Woodworking project plans provide extensive assistance. Project plans are available with variations of Santa and his sleigh and reindeer, candy canes, polar bears, trains, and toy soldiers. Or maybe you’d prefer a more religious display. Wouldn’t an angel or a nativity scene look heavenly on your front lawn? You’ll be able to find project help for practically anything you think of related Christmas.
Hand Tool Storage Cabinet and Tool Review is sponsored by The Home Depot. I have been compensated for my time and provided with product. All ideas and opinions are my own. This post contains some affiliate links for your convenience. Click here to read my full disclosure policy. During this build, I'll be reviewing the Ridgid Drill/Impact combo, Bosch multipurpose drill bits … [Read more...]
Here’s a rundown of the 5 most important beginner woodworking skills to help you get started. When you’re done, have a go at our custom sit-stand desk DIY Sitting / Standing Desk DIY Sitting / Standing Desk Read More . For other MakeUseOf DIY projects, you’ll probably need some electronics skills Beginner's Electronics: 10 Skills You Need to Know Beginner's Electronics: 10 Skills You Need to Know Many of us have never even touched a soldering iron - but making things can incredibly rewarding. Here's ten of the most basic DIY electronics skills to help you get started. Read More , too.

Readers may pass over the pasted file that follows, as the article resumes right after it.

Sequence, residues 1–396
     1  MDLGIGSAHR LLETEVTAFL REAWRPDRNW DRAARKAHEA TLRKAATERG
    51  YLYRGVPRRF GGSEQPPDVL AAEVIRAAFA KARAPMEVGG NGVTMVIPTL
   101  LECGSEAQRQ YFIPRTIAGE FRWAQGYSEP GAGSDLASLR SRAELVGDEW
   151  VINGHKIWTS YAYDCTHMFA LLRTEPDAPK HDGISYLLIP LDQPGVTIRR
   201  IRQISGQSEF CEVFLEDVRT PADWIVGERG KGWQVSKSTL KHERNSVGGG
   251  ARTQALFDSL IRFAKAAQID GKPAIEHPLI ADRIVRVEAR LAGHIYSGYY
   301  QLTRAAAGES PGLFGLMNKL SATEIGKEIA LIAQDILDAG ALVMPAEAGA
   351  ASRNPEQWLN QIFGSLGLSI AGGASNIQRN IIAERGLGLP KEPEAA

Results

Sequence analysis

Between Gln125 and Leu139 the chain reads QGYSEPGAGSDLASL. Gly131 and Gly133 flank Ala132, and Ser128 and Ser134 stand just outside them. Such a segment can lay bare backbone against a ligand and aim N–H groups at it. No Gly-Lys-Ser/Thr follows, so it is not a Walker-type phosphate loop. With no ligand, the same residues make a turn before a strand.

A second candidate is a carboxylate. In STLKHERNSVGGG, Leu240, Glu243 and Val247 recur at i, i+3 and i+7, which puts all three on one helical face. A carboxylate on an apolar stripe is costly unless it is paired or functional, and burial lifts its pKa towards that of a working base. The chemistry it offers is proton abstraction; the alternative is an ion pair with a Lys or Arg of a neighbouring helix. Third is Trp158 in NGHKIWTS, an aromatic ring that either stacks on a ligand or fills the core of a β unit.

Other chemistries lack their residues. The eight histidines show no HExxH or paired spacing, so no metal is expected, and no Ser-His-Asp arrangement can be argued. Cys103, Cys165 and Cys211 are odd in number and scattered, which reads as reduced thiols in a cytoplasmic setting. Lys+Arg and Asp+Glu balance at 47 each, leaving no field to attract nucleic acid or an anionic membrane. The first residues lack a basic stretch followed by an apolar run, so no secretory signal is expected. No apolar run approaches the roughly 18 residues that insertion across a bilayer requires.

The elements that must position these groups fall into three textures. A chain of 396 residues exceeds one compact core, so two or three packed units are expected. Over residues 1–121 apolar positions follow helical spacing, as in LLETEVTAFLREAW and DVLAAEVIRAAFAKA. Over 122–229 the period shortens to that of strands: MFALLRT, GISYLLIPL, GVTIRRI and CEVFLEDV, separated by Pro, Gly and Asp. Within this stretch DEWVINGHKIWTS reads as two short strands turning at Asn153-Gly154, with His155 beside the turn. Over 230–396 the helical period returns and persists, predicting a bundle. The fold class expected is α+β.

I think this is one of the best feelings if you are successful in making wooden spoon by yourself without any trouble. You can create stylish and unique spoon at home. The only thing is that you just need to follow some steps for making a perfect spoon. In this video, you can see how simply the making of a spoon is and how much you need time for making is explained in this video.
Creating custom picture frames for friends and family is a great gift giving project that's sure to please even those difficult to shop for gift recipients. Everyone has a special photo or keepsake they've meant to have framed. Making a custom frame to match may be the best gift of the season. Best of all, it's a quick and simple project to complete with the right tools and set up.

These attractive gifts look like mini treasure chests. Here are the free woodworking plans, and assembly instructions to make these nice looking wooden boxes (Children's Mini Desktop Treasure Chest) from scratch. Recycle that scrap wood into a fantastic gift. A rewarding Saturday Arts and Crafts project. Free DIY (do-it-yourself, D.I.Y.) to give as a gift. Make a keepsake by using these woodworking plans.
This Farmhouse Side Table post is sponsored by The Home Depot. I have been compensated for my time and provided with product. All ideas and opinions are my own. This post contains some affiliate links for your convenience. Click here to read my full disclosure policy. Building a new farmhouse side table to go along with my farmhouse coffee table has been on my list for a … [Read more...]